Lewybody dementia (Lewy body disease)

Lewy body disease (Lewybodydemens) is caused by the storage of a small protein, known as Lewy bodies, in the brain and is the third most common disease leading to dementia. About 10-15% of all cases are caused by this disease. In Lewy body disease, it becomes difficult with numbers, time perception, and taking the right body position like getting right on a chair. That's because spatial perception, visuospatial ability is affected. Other symptoms of Lewy body disease may include fluctuating wakefulness, visual hallucinations or "wild," anxious dreams. Since lewy bodies often sit in a central area of the brain (basal ganglia) that controls our mobility and automatic functions such as blood pressure and swallowing ability, one can also have difficulties with it.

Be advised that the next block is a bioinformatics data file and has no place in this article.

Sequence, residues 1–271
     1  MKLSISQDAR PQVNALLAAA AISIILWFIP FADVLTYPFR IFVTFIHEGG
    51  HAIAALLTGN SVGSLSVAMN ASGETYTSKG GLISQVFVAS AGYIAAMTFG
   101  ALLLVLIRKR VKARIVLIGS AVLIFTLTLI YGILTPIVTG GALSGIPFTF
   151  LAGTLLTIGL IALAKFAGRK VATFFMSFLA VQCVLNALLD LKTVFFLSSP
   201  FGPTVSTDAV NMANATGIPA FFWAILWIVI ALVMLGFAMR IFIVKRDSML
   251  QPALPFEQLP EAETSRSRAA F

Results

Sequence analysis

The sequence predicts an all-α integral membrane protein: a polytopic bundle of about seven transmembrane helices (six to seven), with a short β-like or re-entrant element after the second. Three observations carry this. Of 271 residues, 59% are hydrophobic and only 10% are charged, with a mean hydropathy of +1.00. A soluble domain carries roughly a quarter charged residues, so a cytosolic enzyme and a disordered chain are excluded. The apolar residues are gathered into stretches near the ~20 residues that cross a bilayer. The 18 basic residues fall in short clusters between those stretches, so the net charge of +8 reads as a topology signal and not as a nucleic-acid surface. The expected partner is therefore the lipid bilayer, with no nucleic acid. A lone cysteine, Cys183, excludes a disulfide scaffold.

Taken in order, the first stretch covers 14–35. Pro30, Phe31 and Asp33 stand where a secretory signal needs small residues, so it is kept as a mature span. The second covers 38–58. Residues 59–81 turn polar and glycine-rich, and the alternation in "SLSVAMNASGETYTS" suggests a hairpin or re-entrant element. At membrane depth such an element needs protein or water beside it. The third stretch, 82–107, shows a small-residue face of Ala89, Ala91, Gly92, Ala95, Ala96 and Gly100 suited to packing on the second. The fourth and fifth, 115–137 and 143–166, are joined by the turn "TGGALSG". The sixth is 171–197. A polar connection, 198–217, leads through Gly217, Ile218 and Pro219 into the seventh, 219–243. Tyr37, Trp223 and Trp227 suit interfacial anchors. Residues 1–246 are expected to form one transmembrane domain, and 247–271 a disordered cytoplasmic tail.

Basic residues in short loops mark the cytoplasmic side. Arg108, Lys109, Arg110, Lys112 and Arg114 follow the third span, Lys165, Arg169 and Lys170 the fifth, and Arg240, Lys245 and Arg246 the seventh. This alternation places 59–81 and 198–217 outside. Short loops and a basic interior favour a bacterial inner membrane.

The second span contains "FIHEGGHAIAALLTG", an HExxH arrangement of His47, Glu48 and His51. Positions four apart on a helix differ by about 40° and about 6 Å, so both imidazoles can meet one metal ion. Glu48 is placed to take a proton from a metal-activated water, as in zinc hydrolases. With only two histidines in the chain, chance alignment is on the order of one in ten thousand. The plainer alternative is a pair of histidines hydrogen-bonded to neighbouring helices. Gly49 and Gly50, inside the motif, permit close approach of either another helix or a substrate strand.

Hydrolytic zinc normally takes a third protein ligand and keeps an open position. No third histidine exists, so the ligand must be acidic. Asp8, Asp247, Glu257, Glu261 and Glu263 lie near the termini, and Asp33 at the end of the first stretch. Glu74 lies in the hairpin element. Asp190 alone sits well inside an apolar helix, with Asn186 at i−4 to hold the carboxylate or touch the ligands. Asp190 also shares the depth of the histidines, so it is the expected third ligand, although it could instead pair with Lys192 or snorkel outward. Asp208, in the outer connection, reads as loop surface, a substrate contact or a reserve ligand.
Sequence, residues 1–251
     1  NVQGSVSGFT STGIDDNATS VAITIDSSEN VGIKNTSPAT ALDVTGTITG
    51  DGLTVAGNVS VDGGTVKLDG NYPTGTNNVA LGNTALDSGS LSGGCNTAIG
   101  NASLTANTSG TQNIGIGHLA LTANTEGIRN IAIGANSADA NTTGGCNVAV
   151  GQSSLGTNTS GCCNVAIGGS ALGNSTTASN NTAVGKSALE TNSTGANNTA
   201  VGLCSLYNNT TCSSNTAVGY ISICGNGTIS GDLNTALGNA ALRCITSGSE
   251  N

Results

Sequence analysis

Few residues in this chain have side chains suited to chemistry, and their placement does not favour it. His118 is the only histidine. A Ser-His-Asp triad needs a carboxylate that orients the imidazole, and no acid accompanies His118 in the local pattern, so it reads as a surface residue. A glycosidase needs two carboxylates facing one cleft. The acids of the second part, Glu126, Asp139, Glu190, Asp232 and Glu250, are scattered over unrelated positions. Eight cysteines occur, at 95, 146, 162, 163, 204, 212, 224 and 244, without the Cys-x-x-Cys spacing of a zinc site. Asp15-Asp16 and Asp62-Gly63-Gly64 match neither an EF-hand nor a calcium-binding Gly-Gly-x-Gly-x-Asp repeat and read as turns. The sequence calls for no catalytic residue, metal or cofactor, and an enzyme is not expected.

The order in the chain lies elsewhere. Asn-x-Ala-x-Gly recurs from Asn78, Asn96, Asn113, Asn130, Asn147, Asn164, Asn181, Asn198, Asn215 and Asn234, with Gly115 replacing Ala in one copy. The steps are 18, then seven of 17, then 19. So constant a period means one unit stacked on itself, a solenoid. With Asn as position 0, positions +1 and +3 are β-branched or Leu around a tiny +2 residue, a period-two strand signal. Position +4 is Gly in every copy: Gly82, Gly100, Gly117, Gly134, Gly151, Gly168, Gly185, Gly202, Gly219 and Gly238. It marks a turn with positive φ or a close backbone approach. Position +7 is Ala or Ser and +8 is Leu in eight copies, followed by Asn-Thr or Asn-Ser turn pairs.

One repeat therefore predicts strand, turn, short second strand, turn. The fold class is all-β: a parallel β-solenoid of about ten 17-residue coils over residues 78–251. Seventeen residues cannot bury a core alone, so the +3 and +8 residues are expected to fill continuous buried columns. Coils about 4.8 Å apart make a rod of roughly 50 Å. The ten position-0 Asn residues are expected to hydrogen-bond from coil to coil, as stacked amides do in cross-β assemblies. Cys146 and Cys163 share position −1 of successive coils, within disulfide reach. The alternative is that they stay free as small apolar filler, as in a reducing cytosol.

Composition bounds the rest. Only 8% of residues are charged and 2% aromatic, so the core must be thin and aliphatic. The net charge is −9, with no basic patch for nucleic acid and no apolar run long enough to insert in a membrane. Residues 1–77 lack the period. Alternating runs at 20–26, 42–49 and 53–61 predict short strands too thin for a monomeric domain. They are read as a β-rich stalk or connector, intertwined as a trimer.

Parkinson’s disease is a lot like Lewy body disease; the difference is that this disease debuts with motoric difficulties rather than cognitive impairments. As the disease progresses, they do become very similar. The motoric symptoms which the sick person demonstrates are usually called “parkinsonism,” e.g., stiffness, impaired ability to make facial expressions, and difficulties starting to walk. You’re usually aware of the symptoms for a long time. Memory impairment may arise late in the progression.

Johan Sundelöf, Senior Physician, Specialist in Geriatrics and Palliative Medicine
Reviewed by: Johan Sundelöf, Senior Physician, Specialist in Geriatrics and Palliative Medicine
Updated: January 22, 2021
Published: 15 December, 2020

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